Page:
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Breast Cancer Awareness Month October Pink Ribbons Breast Exams

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Last updated 10/12/2021

Here in WI leaves are changing colors and falling from the trees. Temperatures are getting cooler. Most importantly this time of year is October and Pink Ribbons.

It’s the season when pink ribbons and other pink items are abundant. They are for National Breast Cancer Awareness Month here in the US. Furthermore there are a number of fund raisers to participate in. So remind your BFF to do a self-exam and schedule that mammogram (if she hasn’t already).

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What is Breast Cancer Awareness?

Let’s take a glance at how it all started.

October and Pink Ribbon Roots

It began in 1985 as a partnership connecting the American Cancer Society with the pharmaceutical part of the Imperial Chemical Industries. In addition Betty Ford a survivor of breast cancer was there to assist the weeklong event.

While her husband, Gerald Ford, was the United States President, she was diagnosed. This in turn added more attention to breast cancer.

October and Pink Ribbon Goal

At the launch the goal of breast cancer awareness month was aimed at educating women about breast cancer. As well as providing early detection test to be in control of their breast health. Above all the major goal was in promoting mammograms as the main tool to utilize in the breast cancer fight.

So during the month of October we celebrate and encourage the breast cancer survivors and others with breast cancer to tell their stories. It is the time to acknowledge men and women whose lives have been modified by breast cancer. Moreover there are fund raisers for breast cancer research and other related subjects.

October and Pink Ribbons

As for the pink ribbon Evelyn H. Lauder (Estee Lauder cosmetics) helped create the pink ribbon in 1992. The beauty company handed out an impressive 1.5 million. Thus introducing this visual reminder.

She recognized an immediate demand to spotlight this worldwide health issue. Furthermore she revealed the Breast Cancer Research Foundation. After that the pink ribbon became the symbol for Breast Cancer Awareness Month.

During that time breast cancer was still considered a taboo subject. For those dealing with a breast cancer diagnosis and having treatment little was discussed. In addition not understanding the care required.

Breast Anatomy

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Your breast (aka mammary glands) consists of mainly fat cells (adipose tissue). Located at the collarbone across the underarm centering with your ribcage. The breast contains overlying tissue on the chest (pectoralis muscles). Further how much fat you have in your breast determines its size.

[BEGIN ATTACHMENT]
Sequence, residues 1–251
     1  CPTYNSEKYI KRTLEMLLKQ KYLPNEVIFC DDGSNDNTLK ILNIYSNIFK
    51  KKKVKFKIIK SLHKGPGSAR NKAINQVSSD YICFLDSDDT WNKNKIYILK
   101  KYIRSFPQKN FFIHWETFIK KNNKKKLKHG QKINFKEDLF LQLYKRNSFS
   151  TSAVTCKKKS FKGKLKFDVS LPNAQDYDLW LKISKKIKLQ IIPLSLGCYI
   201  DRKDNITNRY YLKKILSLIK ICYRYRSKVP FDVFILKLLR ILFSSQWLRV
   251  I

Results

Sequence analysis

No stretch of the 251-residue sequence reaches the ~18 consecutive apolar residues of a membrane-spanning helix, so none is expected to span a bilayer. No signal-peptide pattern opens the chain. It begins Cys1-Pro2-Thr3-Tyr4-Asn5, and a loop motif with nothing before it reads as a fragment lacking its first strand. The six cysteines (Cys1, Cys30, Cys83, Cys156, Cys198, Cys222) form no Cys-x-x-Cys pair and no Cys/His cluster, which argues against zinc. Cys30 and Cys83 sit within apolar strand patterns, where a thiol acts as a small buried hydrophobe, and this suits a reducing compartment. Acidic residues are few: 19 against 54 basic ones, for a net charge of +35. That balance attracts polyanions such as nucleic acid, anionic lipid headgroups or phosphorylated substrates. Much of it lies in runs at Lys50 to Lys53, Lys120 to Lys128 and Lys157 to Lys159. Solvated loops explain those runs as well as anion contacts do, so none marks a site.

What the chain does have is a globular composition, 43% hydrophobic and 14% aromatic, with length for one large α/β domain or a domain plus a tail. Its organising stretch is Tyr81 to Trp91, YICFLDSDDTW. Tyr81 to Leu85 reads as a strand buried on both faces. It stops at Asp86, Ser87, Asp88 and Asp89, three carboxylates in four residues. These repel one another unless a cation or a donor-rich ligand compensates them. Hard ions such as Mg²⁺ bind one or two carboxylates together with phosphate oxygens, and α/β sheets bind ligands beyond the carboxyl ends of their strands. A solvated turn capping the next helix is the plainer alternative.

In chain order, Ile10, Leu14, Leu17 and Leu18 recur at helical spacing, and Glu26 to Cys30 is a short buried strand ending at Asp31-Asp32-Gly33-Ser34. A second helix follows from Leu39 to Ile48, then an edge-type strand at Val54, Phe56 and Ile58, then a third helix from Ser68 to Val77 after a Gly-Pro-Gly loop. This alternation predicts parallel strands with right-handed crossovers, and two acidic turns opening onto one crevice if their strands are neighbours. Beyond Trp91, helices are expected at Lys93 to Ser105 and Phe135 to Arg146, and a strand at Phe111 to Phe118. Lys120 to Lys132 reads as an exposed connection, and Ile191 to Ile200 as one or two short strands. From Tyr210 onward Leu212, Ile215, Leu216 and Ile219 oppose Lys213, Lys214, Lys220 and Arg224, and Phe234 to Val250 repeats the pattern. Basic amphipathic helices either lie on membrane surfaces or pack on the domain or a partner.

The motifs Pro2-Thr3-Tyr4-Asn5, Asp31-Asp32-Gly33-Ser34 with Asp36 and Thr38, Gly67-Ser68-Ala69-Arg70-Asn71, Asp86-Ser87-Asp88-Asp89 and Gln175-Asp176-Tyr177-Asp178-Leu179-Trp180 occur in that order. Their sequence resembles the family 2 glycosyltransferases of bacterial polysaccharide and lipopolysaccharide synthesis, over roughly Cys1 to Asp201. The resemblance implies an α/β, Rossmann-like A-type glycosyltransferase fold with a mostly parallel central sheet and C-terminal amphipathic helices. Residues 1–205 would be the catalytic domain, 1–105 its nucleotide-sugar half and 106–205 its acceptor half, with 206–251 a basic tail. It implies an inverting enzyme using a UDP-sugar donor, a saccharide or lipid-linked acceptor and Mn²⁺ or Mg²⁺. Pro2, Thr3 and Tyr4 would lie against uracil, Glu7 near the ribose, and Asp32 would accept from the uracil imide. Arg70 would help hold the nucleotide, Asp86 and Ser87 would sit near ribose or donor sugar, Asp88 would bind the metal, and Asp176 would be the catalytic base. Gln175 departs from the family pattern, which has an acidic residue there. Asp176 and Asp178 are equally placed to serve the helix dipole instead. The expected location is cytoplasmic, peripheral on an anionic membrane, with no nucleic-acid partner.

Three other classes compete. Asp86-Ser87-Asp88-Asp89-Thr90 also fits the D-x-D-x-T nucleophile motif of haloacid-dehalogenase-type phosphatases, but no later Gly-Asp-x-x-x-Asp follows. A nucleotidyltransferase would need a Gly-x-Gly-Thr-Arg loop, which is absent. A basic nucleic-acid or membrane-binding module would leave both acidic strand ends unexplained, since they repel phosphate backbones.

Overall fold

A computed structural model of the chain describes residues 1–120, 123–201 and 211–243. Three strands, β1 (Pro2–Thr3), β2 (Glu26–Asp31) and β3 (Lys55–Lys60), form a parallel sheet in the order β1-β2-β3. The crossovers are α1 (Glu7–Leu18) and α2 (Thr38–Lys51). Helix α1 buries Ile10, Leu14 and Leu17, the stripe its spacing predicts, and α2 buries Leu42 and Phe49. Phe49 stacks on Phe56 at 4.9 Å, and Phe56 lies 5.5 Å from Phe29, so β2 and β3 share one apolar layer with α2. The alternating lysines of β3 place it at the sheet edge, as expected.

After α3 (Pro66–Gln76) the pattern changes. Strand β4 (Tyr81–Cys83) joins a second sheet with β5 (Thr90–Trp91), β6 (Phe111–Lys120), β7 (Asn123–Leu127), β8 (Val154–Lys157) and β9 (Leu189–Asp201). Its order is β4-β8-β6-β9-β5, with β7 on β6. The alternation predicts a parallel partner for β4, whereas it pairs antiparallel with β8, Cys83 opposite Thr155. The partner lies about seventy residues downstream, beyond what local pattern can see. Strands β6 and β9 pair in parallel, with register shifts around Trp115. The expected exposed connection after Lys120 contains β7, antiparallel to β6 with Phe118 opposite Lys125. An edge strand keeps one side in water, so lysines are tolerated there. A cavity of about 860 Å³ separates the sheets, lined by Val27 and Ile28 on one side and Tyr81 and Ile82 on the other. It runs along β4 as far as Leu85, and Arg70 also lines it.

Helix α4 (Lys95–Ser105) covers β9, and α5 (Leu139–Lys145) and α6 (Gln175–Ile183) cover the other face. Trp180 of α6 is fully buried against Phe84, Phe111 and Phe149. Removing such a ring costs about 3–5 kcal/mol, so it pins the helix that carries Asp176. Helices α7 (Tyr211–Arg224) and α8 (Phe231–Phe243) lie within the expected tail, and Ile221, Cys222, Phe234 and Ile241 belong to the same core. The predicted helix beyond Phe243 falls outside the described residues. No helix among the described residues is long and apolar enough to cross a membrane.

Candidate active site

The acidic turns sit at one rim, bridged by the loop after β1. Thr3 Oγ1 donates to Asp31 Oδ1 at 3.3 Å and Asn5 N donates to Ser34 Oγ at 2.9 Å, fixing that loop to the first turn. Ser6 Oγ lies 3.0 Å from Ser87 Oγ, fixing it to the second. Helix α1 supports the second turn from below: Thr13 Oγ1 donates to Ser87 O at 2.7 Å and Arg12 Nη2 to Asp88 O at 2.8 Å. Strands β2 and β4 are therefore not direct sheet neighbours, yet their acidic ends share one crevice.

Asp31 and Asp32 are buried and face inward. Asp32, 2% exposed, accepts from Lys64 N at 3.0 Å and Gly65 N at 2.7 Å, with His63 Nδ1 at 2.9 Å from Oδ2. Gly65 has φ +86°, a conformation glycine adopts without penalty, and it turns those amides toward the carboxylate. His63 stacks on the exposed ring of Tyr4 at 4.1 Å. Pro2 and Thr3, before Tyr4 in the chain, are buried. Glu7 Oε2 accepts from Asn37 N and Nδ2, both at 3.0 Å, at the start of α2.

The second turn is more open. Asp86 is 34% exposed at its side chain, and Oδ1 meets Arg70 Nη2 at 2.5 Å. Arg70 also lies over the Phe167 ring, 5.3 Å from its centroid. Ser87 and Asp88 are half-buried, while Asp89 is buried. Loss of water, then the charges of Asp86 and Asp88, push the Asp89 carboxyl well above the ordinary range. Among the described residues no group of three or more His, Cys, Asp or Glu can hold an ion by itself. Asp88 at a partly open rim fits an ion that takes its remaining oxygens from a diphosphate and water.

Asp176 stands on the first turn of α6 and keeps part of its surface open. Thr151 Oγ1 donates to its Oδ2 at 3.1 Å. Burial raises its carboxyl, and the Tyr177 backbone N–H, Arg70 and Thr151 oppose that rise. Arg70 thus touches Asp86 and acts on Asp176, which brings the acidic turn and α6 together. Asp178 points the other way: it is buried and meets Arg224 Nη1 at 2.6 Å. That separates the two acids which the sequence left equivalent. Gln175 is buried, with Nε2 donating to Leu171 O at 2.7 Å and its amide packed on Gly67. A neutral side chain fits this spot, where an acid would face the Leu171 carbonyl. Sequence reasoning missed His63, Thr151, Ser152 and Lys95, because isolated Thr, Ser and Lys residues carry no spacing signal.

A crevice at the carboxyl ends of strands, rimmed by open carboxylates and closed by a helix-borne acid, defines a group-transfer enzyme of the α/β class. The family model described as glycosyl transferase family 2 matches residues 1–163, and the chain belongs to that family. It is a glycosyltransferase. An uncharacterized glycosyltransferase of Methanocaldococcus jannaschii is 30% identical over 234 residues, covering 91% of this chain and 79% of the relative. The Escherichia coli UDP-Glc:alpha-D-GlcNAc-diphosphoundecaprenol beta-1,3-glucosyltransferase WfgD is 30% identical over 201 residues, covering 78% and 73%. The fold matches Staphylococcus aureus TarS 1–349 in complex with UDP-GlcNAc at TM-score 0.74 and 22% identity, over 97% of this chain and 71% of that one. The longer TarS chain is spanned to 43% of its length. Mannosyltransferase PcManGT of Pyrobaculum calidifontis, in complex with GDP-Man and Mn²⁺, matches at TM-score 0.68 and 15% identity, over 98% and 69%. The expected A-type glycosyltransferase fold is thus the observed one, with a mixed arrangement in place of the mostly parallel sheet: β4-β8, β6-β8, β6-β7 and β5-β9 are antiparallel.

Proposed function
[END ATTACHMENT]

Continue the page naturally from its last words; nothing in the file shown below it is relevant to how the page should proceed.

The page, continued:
Within the breast are 15 to 20 sections, known as lobes. These are divided into smaller areas called lobules (resemble bunches of grapes) and this is where milk is made. In short milk travels by a path of tiny tubes known as ducts. And unfortunately lobules and ducts are usually where cancer will form.

As these ducts link and join with larger ducts, they eventually exit through the skin of your nipple. That is to say the darker area of skin bordering the nipple is the areola.

Your breast contains tissue and ligaments. These provide support as well as its shape. Sensation of the breast is through the nerves. In conclusion you will discover blood vessels, lymph vessels and lymph nodes.

Risk Factors for Breast Cancer

According to studies your risk for breast cancer can be a combination of factors. Mainly just being a woman and aging is a big influence. Most importantly breast cancer is diagnosed in women 50 or older.

And you may not be aware of having any other risk factors and get breast cancer. As well as having a risk factor doesn’t necessarily mean you will be diagnosed with the disease.  Above all consult your doctor if you have breast cancer risk factors, for steps to reduce your risk and screenings.

Risk Factors that can’t be changed

Age

Ah if we only could avoid aging huh? Breast cancer risk is higher as we get older. For instance most women are diagnosed after age 50.

Inherited Genes

According to the CDC if you inherit certain genes; BRCA1 and BRCA2 this increases your risk for breast and ovarian cancer.

Reproductive History

Two situations raising your risk that exposed you to these hormones longer:

  • Starting your menstrual cycle before turning 12
  • Entering menopause later than age 55

Dense Breast

Recall I told you about the risk in another blog. If you haven’t already, question your doctor or mammogram technician on your breast tissue.  Further because of more connective tissue it’s difficult to spot tumors.

Personal History

You already had breast cancer once or specific non-cancerous diseases of the breast. This fashions you more likely to be diagnosed a second time. Most importantly atypical hyperplasia or lobular carcinoma in situ is linked to an increase for getting breast cancer.

Family History

You’re at higher risk if your:

  • Mother
  • Sister
  • Daughter (first-degree relative)
  • More than one family member on your mother’s or father’s side